1-5 A torrent of water crashed against the building and blew out the remaining windows. A wave strewn with icy shards swept through the room. Youko threw her arms up in front of her face. A flurry of tiny darts stung at her head and arms and body.
Her ears shut themselves to the violence of it all. She heard nothing.
The sensation of being caught in a whirling sandstorm faded away. She opened her eyes. Glass glittered on every surface. Those who had gathered at the windows now crouched in shock on the floor. The vice-principal was curled up in a ball at her feet.
Are you all right, she felt compelled to ask, until she saw that his body was studded with brilliant shards. He wasn’t all right. The others were struggling to their feet, groaning. Youko had been standing right beside the vice-principal yet there wasn’t a nick or cut on her.
The vice-principal seized her ankle. “Why?” he groaned.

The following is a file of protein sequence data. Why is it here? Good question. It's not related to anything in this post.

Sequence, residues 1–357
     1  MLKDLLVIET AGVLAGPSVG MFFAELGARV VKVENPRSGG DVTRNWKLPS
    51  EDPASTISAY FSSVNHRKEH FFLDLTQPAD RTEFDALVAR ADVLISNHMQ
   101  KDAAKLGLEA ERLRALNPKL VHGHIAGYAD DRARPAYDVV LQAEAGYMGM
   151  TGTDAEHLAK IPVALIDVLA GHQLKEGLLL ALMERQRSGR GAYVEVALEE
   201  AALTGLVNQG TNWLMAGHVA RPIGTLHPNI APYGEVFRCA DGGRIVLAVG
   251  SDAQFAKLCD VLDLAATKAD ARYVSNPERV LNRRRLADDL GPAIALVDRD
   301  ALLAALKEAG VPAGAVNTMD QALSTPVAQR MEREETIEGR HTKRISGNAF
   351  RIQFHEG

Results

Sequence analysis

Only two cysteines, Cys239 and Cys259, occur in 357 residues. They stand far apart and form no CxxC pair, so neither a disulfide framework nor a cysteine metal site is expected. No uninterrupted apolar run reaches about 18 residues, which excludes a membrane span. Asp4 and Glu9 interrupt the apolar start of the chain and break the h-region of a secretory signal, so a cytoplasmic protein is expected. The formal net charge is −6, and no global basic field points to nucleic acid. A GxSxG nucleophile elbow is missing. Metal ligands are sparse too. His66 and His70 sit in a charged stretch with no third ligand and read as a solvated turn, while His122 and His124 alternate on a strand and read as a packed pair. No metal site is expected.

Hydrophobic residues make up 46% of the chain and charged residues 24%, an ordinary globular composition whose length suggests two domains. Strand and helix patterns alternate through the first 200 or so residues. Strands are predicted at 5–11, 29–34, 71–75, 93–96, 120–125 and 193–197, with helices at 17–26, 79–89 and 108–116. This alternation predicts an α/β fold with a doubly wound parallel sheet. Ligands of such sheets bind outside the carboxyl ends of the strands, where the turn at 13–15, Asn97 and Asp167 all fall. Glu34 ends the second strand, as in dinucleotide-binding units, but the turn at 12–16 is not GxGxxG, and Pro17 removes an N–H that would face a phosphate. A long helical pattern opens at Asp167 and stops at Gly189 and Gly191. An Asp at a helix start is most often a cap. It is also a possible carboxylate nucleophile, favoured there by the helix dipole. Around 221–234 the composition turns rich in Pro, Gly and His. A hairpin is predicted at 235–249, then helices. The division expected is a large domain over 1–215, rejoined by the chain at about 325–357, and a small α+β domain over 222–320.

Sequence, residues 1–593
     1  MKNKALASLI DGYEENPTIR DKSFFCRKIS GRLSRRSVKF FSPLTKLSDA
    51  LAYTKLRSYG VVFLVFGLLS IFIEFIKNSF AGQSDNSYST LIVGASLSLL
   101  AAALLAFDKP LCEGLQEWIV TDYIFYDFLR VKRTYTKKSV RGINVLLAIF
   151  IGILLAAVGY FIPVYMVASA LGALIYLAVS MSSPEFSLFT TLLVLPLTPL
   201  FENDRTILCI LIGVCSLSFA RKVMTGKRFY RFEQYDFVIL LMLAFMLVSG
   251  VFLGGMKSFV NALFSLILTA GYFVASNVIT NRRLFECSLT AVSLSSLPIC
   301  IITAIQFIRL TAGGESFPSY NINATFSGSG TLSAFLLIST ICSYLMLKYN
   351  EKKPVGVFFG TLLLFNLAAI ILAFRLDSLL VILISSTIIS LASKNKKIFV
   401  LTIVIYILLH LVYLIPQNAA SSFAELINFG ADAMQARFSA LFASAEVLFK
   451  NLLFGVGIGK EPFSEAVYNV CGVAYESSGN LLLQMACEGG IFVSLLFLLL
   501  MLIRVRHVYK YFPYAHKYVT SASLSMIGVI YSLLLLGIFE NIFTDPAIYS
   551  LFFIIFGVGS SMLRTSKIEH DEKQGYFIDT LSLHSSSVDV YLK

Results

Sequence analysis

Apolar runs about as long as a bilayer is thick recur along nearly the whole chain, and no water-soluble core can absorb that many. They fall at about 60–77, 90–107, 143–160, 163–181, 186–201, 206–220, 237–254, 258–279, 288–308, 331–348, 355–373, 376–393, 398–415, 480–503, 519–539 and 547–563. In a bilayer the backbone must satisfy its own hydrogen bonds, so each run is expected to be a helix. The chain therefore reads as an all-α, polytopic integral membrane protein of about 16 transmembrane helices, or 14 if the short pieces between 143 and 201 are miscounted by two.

“I didn’t do anything!”
The stranger peeled the vice-principal’s bloody hand from her leg. He was as uninjured as she. He said, “We must go.”
She shook her head. If she left with him now they would all conclude that they had been in on it together, from the start. But the fear of staying there overcame her. She let him pull her along. The enemy is at the gates. That meant nothing to her. The horror of remaining there amongst the bloodied and wounded frightened her far more.
They fled the office and came face to face with another teacher. He shouted, “What’s going on?” His eyes shifted suspiciously to the stranger.
Before Youko could respond the stranger gestured towards the office. “There are injured people in there. They need medical attention.” He set off again, Youko in tow. The teacher yelled something at them she didn’t understand.
She said, “Where are we going?” She wanted to run home as fast as she could. Instead of fleeing down the stairs the stranger headed up. “This way goes to the roof,” she gasped.